BACKGROUND: The World Health Organization named the phenomenon of misinformation spread through the social media``infodemics", and recognized the need to curb it . Misinformation infodemics undermine not only population safety, but also compliance to the suggestions/prophylactic measures recommended in pandemics .
OBJECTIVE: The aim of this pilot study was to review the impact of social media on general population``fear"in``infoveillance"studies during the COVID-19 pandemic .
METHODS: PRISMA protocol was followed and six out of twenty studies were retrieved, meta-analyzed, and had their findings presented in the form of a Forest plot .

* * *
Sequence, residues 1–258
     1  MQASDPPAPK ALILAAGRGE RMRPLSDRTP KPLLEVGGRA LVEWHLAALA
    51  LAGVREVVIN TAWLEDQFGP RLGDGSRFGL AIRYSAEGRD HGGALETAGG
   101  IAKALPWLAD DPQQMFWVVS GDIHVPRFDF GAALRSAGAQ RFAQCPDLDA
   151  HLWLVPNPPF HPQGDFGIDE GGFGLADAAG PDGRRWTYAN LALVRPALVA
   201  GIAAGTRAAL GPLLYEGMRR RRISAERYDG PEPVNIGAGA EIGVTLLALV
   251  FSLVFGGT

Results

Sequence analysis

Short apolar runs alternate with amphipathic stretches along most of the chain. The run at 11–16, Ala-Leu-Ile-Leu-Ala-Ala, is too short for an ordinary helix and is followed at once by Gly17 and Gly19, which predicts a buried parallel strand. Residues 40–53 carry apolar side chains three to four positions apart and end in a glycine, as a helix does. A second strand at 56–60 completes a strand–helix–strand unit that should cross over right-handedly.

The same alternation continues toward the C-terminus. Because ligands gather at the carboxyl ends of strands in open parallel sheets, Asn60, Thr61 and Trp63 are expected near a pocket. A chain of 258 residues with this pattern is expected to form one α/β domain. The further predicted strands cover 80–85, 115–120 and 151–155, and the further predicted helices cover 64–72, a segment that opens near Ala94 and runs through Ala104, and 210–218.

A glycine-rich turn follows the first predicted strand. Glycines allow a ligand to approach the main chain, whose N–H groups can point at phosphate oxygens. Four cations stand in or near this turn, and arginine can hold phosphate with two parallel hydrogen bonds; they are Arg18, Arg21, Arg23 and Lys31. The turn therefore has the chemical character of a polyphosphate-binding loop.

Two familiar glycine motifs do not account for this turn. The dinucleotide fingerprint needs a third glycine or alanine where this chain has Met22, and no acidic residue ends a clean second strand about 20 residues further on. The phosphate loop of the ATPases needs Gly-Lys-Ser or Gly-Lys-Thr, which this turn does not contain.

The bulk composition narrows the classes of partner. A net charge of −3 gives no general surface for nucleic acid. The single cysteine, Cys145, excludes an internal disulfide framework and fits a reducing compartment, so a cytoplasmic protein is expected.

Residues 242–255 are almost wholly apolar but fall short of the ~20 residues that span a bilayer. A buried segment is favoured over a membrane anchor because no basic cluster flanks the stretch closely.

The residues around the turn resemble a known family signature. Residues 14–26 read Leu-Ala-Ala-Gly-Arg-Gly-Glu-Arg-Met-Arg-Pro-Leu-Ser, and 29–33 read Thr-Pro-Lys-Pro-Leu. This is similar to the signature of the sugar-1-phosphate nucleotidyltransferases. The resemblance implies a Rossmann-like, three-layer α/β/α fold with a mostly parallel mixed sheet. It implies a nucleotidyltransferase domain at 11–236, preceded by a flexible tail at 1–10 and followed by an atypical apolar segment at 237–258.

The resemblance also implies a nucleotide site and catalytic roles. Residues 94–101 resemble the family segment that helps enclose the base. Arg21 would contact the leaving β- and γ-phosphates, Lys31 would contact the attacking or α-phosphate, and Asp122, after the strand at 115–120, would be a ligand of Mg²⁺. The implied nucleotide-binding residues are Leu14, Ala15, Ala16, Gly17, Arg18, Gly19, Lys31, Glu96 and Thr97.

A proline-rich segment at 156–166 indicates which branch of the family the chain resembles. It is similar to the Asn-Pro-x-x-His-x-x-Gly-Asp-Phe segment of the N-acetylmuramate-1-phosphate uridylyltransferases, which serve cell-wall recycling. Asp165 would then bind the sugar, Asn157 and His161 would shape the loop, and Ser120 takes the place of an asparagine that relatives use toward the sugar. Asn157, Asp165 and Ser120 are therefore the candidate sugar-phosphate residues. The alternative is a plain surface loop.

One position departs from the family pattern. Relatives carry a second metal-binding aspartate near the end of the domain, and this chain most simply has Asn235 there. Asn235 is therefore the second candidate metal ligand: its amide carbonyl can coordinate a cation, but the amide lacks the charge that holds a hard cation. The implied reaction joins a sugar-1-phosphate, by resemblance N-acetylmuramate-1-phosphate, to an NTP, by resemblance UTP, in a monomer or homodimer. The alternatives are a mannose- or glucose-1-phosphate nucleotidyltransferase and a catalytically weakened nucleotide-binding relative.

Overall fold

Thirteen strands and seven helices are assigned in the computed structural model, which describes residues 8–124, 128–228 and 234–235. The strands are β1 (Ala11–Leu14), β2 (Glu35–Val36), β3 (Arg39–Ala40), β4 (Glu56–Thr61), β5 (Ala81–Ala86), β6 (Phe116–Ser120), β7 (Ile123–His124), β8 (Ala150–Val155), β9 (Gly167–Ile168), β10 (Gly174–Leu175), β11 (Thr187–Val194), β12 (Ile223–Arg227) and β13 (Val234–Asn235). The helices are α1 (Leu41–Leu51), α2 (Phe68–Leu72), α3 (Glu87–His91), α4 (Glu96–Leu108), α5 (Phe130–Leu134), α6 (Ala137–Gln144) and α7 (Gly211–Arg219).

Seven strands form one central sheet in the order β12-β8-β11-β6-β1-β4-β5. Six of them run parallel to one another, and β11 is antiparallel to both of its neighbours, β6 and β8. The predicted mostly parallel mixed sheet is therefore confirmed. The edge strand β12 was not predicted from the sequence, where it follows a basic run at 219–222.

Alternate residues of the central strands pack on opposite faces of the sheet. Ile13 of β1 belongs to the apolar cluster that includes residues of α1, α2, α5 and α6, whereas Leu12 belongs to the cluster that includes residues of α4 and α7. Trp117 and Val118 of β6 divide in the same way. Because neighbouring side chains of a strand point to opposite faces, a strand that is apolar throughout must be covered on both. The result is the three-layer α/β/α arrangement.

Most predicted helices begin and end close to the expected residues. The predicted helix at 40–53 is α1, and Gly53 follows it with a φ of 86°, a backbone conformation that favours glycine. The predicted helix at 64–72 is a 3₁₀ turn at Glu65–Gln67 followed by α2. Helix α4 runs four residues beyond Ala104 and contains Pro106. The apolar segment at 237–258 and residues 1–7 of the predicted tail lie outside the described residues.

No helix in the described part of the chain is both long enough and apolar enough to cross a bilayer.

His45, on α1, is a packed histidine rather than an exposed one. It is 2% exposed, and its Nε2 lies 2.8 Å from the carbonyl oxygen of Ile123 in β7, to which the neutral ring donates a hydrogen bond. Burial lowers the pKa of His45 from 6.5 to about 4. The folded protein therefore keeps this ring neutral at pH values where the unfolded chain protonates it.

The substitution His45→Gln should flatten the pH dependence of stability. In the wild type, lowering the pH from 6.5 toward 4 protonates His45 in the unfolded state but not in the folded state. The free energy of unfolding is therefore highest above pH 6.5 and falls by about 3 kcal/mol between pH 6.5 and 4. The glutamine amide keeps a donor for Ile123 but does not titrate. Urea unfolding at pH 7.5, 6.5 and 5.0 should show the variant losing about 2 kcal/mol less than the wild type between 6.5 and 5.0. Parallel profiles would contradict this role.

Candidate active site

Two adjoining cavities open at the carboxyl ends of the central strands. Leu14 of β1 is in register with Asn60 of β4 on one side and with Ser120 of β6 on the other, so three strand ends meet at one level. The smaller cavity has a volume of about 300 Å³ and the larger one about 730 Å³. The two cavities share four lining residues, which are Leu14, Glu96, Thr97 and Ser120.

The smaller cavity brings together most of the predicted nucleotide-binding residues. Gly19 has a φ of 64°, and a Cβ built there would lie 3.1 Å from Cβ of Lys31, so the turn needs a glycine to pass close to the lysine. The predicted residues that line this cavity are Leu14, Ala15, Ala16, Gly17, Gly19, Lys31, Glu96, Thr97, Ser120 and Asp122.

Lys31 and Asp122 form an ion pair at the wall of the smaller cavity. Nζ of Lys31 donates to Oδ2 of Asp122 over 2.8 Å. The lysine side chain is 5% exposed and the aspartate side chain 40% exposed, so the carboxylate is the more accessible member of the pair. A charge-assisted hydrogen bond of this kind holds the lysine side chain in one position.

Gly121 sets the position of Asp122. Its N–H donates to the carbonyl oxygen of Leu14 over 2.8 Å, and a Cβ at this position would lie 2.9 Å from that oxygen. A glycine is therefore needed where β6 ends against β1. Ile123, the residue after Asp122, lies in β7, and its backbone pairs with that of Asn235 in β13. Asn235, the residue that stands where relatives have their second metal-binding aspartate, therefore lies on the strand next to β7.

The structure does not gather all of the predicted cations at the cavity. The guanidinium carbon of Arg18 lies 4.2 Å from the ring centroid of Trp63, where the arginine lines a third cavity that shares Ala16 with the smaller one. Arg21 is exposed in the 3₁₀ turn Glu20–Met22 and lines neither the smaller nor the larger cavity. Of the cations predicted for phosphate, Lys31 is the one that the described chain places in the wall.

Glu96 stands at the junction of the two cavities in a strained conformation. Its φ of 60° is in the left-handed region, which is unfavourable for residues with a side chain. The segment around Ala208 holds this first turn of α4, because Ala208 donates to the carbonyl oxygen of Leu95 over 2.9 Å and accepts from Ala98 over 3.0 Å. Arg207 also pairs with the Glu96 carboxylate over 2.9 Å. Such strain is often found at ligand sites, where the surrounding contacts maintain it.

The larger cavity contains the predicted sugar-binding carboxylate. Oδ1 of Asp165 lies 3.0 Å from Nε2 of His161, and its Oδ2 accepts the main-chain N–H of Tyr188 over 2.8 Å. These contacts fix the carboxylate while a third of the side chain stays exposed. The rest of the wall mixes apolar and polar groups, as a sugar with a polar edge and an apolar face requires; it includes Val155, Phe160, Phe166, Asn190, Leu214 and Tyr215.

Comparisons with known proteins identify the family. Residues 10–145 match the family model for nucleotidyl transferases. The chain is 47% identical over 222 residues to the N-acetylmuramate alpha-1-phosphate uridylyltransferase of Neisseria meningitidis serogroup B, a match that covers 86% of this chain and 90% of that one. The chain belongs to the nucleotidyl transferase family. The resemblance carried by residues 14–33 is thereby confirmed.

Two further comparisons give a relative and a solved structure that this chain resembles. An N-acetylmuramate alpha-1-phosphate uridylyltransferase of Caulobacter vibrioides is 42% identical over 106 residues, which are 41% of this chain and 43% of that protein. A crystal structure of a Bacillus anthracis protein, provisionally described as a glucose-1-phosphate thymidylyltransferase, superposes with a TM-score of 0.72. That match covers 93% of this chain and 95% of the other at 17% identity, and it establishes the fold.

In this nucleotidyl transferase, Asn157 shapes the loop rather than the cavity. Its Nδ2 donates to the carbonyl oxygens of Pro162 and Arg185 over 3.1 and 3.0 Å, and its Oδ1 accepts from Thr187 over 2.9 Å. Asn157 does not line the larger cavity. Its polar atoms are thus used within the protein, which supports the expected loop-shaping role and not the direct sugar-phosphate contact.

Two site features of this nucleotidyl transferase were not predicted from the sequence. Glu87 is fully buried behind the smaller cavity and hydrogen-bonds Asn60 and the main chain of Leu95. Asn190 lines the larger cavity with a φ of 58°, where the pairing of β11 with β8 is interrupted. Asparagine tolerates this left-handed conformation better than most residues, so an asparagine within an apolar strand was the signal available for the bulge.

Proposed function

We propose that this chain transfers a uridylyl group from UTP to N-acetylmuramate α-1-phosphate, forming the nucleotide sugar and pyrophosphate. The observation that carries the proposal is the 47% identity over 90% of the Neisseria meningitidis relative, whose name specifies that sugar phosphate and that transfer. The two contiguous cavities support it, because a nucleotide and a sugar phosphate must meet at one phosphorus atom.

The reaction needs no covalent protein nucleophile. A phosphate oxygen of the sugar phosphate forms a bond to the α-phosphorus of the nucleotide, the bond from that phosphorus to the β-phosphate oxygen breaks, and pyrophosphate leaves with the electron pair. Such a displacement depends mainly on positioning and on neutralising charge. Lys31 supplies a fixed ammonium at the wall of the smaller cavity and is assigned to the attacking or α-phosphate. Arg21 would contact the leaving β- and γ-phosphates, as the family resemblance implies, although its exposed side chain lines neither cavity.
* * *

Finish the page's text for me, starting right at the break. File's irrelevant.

RESULTS: The summary random and significant event rate was 0.298 , 95% CI respectively 0.213 and 0.400, suggesting that social media-circulated misinformation related to COVID-19 triggered public fear and other psychological manifestations . These findings merit special attention by public health authorities .
CONCLUSIONS: Thus,``infodemiology"and Infoveillance are valid tools in the hands of epidemiologists to help prevent dissemination of false information with potentially damaging effects.